So I’m on my way by bus to Bristol for the long-awaited meeting which I have put so much energy into. The skill set demanded by the NHS for patient representative is very much my line of work.
To my right sits a woman looking very uncomfortable with herself. Her mobile phone rings and it is her husband or friend saying rather brusquely “how’s it going then”. She held him online while she fumbled around trying to turn off the loudspeaker because she didn’t want everyone to hear. She tried to compose herself and gave an account of what she was doing.
As she was talking, her feet were twitching and tears were falling from her eyes. She looked desperately desperately lonely. Then she started to smile I think in an effort to cheer herself up. She rang off, and stared ahead into no man’s land. There is nothing I could say or do. Here is a suffering soul condemned to a silent world.
On the way to the hospital I stopped off at a delightful new Polish patisserie that had been opened for only three weeks. This is definitely a potential niche product in trendy Bristol and it will definitely succeed. the chef had put so much effort into the cakes and the image does not do justice to the variety and originality and inventiveness. It is called “Sweet Moment” and is at 296 Gloucester Road Bristol BS7 8PD and it is open every day.
And so on to the meeting from central Bristol via the 76 bus . I’m quite jealous of Bristol because it’s able to support so many cool minority restaurants and quirky artistic places. We just don’t have that in Midsomer Norton. Anyway, Bristol is only an hour away by bus so we can come and enjoy when you want it.
I saw an amusing sight in the atrium of the the venue for the meeting, Southmead Hospital. A grand piano was chained to a collection tin. I wonder what was chained to what. Was the money collection point chained to the piano to make sure that that was not stolen, or was the piano chained to the cash collection point so that it could not be stolen. Anyway, it makes a nice picture.
I arrived at my meeting slightly before 1 PM. Due to confusion about the room, the meeting started at 1:10 and I wondered if I could fit everything in. Interestingly, the audience was very sympathetic and I found that I needed to spend far less time than I thought explaining my points. I said that Albert Einstein had great difficulty in sharing because he had been so frequently misunderstood. Dr B, the lead doctor in the team, was particularly sympathetic and understanding to my points and I found that very encouraging.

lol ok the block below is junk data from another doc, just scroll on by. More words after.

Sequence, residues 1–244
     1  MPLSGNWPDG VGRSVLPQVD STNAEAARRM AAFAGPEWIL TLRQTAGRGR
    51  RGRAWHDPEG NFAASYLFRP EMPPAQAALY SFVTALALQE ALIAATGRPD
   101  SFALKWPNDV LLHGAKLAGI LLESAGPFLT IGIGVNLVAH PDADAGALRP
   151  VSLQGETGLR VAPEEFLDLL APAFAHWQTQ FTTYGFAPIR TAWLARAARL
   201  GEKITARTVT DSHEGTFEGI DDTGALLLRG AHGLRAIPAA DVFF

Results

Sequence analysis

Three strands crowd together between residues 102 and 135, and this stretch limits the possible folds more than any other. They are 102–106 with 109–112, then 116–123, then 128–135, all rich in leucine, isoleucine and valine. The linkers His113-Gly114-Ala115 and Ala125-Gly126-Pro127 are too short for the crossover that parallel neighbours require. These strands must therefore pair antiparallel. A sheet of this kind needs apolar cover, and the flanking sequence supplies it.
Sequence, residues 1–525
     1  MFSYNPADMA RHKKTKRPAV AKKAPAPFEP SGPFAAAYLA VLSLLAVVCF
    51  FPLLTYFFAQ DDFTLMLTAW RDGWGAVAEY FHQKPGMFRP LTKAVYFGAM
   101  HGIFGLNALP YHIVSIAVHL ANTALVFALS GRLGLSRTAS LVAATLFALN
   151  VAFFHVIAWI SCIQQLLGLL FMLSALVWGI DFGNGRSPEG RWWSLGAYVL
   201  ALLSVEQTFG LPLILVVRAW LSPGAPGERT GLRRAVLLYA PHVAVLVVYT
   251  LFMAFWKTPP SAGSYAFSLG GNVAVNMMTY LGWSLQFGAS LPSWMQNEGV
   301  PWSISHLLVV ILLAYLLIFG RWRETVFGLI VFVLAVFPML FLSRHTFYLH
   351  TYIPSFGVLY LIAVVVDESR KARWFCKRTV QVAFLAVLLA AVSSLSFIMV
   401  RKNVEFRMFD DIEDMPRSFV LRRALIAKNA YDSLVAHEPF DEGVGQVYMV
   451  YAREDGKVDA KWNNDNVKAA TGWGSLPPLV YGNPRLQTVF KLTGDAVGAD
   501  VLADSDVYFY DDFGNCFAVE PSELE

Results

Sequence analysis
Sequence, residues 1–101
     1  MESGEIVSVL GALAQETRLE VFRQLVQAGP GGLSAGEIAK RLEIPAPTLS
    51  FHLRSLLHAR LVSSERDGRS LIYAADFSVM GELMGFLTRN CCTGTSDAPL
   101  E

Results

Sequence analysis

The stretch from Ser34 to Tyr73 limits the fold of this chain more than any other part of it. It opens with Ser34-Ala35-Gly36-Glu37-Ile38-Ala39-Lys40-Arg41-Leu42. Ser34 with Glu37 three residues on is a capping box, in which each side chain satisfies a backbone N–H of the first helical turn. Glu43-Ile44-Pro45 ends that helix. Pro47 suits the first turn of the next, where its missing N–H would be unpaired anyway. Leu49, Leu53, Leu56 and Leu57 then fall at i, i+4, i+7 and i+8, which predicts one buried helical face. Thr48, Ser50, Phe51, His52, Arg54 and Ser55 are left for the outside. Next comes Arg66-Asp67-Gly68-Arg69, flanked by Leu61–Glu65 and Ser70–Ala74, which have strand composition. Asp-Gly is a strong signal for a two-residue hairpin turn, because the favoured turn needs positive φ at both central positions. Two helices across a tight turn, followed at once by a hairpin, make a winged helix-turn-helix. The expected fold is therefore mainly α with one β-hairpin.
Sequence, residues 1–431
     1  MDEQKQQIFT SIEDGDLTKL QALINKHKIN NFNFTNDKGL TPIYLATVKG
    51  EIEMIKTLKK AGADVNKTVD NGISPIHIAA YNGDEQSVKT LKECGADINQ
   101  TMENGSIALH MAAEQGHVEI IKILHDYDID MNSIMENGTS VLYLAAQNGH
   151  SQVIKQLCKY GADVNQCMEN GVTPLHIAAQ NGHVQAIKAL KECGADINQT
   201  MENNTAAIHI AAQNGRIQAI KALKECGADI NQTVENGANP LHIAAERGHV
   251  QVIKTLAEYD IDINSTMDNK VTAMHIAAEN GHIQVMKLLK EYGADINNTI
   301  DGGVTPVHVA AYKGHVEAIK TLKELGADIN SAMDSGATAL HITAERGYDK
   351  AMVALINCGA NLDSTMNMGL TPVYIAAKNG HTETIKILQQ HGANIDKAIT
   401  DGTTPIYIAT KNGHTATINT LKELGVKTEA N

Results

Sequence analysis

There was a fellow patient there invited by Dr B called R. whose life had been saved when he was taken by air ambulance to the hospital. He was either blind or Blinded by the accident but I didn’t want to inquire too closely. He gave an extremely cogent comment on his condition describing how his memory had been affected. I said I would love to interview him and take a statement from him for the website and that his memory lapses did not matter at all. I commiserated with him by saying that my memory for names was also not what it was. His mother acted as his helper.
I delivered my recommendations and they appeared to be well received. It is however a mile between interesting the workers and getting the hierarchy to approve a project which is to be added on to a statutory instrument such as the NHS and I was warned that there would be a delay while it was approved. This I find a form of torture because it goes against my nature which is doing everything instantly but to be fair I really believe that they’ll do their best in the various proposals.
On my way back I dropped in at a hi-fi shop. Sometimes I think of things for ages, maybe five years, and suddenly one fine day it’s time to make a decision. I hope I will do business with this shop. It is a novelty to be able to control a hi-fi system from my android device. This shows how retro I am in my thinking. The idea of 20,000 radio stations available at the click of a mouse is also something that I find mind-blowing although I am a techie or a least a sad person who spends far more time than they should do on the computer. it has finally registered that FM radio is going to be phased out to be replaced by DAB
I sat in the local pub and debriefed the day to my wife. It was a little bit of a pity that another meeting followed my one o’clock meeting as I was not able to talk with the other participants afterwards, but that is the pressure that the NHS is under. My wife, wise as ever, recommends that I leave the whole thing and let them respond in their own time.
Amusingly, she had gone to Jimmy’s, the self-service Indian buffet in Bath for lunch and was charged the full price because they didn’t realise she was of pensionable age. I suppose it is quite flattering. Long may that continue.
The weather forecast for this evening is for uncharacteristically low temperatures; down to freezing point, so that’s an excuse to make a nice log fire.